Governor/Lt. Governor:        Ben Jealous and Susan Turnbull
Attorney General:                  Brian Frosh
U.S. Senator:                           Ben Cardin
U.S. Representative   
(7th District):                           Elijah Cummings
State Senate:
(District 9):                              Katie Fry Hester
State Senate
(District 12):                           Clarence Lam
State Senate
(District 13):                            Guy Guzzone
House of Delegates
(District 9A):                           Steven Bolen
                                                Natalie Ziegler
House of Delegates
(District 9B):                           Courtney Watson
House of Delegates
(District 12):                           Eric Ebersole
                                                Jessica Feldmark
                                                Terri Hill
House of Delegates
(District 13):                           Vanessa Atterbeary
                                                Shane Pendergrass
                                                Jen Terrasa
County Executive:                Calvin Ball
County Council
(District 1):                              Liz Walsh
County Council
(District 2):                              Opel Jones
County Council
(District 3):                              Christiana Rigby
County Council                                   
(District 4):                             Deb Jung
County Council
(District 5):                              China Williams
State’s Attorney:                    Rich Gibson
Clerk of the Circuit Court:   Wayne Robey
Register of Wills:                    Byron Macfarlane
Judge of the Orphans’ Court: Leslie Smith Turner    
Sheriff:                                    Marcus Harris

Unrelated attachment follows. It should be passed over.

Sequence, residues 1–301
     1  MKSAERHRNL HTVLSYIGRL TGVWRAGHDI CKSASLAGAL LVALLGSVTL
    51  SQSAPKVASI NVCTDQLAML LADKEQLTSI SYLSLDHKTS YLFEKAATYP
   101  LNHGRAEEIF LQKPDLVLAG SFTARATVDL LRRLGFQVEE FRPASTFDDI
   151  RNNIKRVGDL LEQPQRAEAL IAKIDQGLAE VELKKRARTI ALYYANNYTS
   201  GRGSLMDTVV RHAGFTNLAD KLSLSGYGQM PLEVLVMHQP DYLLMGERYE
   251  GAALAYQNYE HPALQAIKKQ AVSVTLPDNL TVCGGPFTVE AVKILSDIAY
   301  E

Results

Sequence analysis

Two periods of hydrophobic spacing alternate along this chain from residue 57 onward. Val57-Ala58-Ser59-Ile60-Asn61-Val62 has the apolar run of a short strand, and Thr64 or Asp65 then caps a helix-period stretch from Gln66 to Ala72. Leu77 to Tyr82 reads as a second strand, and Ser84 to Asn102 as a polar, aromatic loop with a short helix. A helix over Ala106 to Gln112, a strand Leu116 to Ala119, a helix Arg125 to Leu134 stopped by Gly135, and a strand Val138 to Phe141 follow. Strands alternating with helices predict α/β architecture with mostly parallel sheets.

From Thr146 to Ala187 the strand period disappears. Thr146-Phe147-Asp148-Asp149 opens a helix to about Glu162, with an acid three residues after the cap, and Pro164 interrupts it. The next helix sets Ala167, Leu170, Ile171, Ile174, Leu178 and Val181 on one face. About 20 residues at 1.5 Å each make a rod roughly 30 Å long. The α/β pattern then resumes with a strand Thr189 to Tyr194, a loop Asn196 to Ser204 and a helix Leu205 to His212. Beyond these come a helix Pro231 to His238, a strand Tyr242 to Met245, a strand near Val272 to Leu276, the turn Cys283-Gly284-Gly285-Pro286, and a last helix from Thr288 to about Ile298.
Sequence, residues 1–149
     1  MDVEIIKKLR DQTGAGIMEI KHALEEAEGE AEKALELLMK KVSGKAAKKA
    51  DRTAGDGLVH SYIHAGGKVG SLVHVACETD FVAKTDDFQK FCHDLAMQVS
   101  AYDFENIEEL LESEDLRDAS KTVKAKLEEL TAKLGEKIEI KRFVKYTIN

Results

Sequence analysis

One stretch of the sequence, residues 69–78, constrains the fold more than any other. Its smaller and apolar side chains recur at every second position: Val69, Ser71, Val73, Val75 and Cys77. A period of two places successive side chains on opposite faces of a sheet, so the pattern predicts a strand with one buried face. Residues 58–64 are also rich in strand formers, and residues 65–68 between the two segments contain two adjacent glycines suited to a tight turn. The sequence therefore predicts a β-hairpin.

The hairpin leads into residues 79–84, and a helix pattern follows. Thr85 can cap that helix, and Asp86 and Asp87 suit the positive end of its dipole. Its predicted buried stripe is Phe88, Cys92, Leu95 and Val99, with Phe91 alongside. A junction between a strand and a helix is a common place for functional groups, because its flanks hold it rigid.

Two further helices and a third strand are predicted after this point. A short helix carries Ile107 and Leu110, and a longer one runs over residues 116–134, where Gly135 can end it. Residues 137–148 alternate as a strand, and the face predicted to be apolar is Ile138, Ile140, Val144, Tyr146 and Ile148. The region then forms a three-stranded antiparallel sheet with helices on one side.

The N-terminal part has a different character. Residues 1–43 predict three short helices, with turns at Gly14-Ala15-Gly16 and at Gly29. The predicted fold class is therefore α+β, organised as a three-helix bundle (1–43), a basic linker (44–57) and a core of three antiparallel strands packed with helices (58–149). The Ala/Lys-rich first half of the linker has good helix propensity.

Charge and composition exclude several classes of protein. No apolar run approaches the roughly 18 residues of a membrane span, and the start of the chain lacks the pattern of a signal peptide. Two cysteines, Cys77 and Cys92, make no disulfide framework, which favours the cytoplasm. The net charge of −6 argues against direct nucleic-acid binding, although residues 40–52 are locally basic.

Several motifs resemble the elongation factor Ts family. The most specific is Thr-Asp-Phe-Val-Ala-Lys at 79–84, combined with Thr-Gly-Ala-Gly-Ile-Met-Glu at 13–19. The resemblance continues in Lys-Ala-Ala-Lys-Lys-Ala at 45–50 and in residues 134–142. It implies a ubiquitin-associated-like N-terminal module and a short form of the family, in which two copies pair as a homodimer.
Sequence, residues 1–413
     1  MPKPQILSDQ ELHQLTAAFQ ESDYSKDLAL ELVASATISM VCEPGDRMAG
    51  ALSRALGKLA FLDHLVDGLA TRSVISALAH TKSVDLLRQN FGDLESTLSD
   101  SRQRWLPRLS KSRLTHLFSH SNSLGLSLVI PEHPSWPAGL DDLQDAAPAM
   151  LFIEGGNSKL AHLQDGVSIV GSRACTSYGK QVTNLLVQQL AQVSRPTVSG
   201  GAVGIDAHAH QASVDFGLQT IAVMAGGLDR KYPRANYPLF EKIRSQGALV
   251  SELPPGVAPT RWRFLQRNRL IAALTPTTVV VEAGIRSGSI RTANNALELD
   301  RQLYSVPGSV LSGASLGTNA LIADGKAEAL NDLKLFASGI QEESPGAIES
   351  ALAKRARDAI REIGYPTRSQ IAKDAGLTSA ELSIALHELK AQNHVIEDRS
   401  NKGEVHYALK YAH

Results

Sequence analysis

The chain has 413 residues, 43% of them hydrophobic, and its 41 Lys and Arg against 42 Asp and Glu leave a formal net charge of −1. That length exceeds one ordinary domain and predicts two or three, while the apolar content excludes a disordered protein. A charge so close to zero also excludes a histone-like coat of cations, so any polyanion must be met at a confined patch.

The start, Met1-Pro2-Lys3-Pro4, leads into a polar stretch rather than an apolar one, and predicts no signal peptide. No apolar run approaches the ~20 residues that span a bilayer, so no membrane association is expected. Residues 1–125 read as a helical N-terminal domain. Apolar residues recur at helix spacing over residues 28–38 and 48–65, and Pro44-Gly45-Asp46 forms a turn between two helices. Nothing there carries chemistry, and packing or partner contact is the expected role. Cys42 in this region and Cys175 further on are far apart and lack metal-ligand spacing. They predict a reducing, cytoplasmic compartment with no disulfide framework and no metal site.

Board of Education:              Sabina Taj
                                                Jen Mallo
                                                Robert Wayne Miller

[Bold = I am able to vote for this individual.]

If your name is not on this list and you are a Democrat on the ballot in Howard County this November, it most likely means that my public support for your campaign would not help you (not that the Spartan Tendency is an unstoppable Political Machine…except in Faulkner Ridge, of course). Or that you don’t need my backing.  Or, I still don’t know enough about you to be comfortable endorsing you.  Or you are Peter Franchot.

Yes, this was a long post.  Thank you for reading it all the way through.  I will have a separate post on the proposed Constitutional Amendments and Charter Amendment soon.  And yes, I will most likely have at least one more post where I go into a little more detail regarding the Board of Education race.

In solidarity.

Friday, October 12, 2018

A Reply to David Yungmann


I wanted to respond to some of the recent comments made by Mr. Yungmann, as re-posted on Scott E’s Blog.  That story can be found here: https://scotteblog.com/2018/10/12/david-yungmann-responds-to-posts-about-mailer/

The short version of my reply (for the time-pressed):

“Too much, too little, too late, too triangulating.”

For those with more time, I will delve somewhat deeper.


1) Apparently, Mr. Yungmann believes I am recovering from the head injury that I assuredly must have suffered when I, first arriving in town last week, fell off the turnip truck. 

First, despite being, in his own words, a “45-year resident of Howard County District 5,” those were the five accomplishments he chose to highlight?  Surely there were others? Right? Perhaps not.

By including the mosque issue on his campaign literature, he is signaling to the GOP base…many of whom are more concerned about the word “mosque” than the word “huge” in that sentence.  His campaign certainly knows this.  He can claim it was about zoning, and perhaps, just perhaps, that is actually why he personally opposed it.  Who knows? My point, which he chose not to address, is that he included this specific message in his lit – phrased in precisely that manner – intentionally.        

2) For those who received support from David Yungmann in recent campaigns, I would still like to hear their thoughts on the mosque issue as well as whether or not they agree with Mr. Yungmann on other issues, such as education & school safety.  His views on several topics can be found here:



Stay tuned, as more will follow.